It’s been five years now since I blogged about the Bay Bridge, which was being rebuilt in the wake of the 1989 Loma Prieta earthquake. (I was in San Francisco when that happened. A slab of the roadway collapsed. Lives were lost. The bridge was patched together and re-opened, but everyone wanted a new one.)
The new span is beautiful. Here’s a picture I took on a seaplane ride: the new bridge with its single sail-like mast, and the old bridge in the process of being dismantled. People wanted it left as a trail and a garden, sort of like New York’s High Line, but apparently it would be too expensive to maintain.
They kept the old Bridge open while they worked on the new one. This introduced an unaccustomed S-bend into the road, and that took a life too, before they added rumble-strips and warnings and forced a slowing of traffic.
The Bridge was completed without, thankfully, any further accidents. But not without problems.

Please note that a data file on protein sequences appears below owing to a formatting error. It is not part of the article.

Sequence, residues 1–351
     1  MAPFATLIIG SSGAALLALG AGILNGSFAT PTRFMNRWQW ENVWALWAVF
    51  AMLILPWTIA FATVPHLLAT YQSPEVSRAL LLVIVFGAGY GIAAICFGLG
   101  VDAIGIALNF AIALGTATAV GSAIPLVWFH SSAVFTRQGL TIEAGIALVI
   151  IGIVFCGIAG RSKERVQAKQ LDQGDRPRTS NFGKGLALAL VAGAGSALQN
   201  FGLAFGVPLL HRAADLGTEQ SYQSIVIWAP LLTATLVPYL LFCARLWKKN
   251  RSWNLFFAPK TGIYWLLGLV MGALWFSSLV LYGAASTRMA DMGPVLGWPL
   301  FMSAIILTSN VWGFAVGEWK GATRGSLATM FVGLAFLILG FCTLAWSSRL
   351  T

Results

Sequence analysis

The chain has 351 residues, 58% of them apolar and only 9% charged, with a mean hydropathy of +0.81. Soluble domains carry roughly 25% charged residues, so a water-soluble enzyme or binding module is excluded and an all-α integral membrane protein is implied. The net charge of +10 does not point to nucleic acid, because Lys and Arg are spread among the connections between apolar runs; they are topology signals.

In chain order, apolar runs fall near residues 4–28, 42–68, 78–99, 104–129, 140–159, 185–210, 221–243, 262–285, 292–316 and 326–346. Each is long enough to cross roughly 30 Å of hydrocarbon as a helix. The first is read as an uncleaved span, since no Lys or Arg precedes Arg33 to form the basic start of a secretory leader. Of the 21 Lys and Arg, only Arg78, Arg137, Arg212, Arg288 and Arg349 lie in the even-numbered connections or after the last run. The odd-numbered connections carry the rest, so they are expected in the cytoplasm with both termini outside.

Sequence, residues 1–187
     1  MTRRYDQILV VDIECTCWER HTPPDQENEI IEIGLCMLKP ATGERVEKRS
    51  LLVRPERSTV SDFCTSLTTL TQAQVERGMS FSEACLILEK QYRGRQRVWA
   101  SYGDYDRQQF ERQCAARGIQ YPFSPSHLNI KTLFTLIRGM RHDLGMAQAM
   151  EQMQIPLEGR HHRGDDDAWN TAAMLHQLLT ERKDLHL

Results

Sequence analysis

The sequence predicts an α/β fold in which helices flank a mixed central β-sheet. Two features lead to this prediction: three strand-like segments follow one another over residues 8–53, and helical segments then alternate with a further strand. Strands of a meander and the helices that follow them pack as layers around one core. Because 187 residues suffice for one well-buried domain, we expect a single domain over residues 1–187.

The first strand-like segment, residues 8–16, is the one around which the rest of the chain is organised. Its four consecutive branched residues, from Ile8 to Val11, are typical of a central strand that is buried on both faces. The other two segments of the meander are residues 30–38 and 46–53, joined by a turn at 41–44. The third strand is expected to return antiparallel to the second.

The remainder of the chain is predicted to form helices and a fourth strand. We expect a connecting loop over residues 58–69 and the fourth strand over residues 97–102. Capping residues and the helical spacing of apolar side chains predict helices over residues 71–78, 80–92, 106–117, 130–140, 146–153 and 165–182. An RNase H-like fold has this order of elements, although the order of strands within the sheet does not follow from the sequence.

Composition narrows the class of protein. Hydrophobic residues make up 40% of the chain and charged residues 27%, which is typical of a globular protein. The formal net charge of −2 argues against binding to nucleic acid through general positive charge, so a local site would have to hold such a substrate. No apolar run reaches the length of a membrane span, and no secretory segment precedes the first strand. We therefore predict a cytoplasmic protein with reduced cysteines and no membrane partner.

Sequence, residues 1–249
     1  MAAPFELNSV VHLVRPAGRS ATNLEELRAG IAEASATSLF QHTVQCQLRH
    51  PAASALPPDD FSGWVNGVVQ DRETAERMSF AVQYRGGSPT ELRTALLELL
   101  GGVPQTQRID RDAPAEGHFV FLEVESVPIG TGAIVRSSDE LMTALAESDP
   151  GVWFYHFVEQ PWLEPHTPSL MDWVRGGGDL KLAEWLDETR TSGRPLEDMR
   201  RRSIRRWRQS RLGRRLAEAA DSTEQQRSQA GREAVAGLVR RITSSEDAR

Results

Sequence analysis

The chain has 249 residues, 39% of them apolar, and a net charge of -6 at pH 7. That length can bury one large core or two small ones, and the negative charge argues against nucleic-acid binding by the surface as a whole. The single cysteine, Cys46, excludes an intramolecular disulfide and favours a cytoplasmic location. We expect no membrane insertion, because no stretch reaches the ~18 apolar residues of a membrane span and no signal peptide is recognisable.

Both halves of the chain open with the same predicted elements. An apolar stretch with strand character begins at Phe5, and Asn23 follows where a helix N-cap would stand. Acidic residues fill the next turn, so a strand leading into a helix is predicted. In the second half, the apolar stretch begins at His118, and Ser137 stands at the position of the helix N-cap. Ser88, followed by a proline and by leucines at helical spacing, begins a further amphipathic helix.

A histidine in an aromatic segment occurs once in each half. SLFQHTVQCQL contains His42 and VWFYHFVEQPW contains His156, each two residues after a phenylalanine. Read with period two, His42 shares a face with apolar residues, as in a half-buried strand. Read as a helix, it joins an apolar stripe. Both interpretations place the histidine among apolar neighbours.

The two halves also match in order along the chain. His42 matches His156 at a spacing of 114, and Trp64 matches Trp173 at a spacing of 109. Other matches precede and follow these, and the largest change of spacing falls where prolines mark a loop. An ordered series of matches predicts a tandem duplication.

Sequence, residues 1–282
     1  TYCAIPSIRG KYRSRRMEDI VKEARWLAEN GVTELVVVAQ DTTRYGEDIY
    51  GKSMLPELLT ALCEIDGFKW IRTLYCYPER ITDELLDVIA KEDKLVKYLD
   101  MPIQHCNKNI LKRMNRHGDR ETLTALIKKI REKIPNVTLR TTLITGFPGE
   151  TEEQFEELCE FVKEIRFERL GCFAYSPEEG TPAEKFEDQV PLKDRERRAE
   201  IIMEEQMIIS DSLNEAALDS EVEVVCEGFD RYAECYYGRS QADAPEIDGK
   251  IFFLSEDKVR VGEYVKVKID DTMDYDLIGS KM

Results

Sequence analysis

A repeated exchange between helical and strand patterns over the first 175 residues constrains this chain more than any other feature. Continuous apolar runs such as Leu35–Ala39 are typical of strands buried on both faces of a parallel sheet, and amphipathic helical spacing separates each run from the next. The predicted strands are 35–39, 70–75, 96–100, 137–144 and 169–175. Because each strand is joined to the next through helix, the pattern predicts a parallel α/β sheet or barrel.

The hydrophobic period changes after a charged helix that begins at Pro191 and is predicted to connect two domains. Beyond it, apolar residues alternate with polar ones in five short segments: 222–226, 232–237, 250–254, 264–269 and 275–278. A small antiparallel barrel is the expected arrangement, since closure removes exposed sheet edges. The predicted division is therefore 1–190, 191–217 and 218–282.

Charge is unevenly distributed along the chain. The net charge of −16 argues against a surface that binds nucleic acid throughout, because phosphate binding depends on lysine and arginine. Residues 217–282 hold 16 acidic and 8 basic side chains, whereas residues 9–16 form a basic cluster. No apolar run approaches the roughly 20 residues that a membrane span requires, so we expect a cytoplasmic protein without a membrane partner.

- Allegations of poor welds. Some welders claimed they’d been rushed and encouraged to cover over poor work. Caltrans investigated and found the welds at or above specs.
- Foundation problems. The Sacramento Bee alleged that some of the foundation work was defective. Caltrans made a one-hour video rebuttal, and tried for a retraction of the article. It didn’t happen. Instead, the newspaper came out with another article, again talking of defective welds.
- Bolt failures. Some of the bolts connecting the road bed to the bridge have cracked, and many more appear vulnerable.
Now someone is talking about a criminal investigation.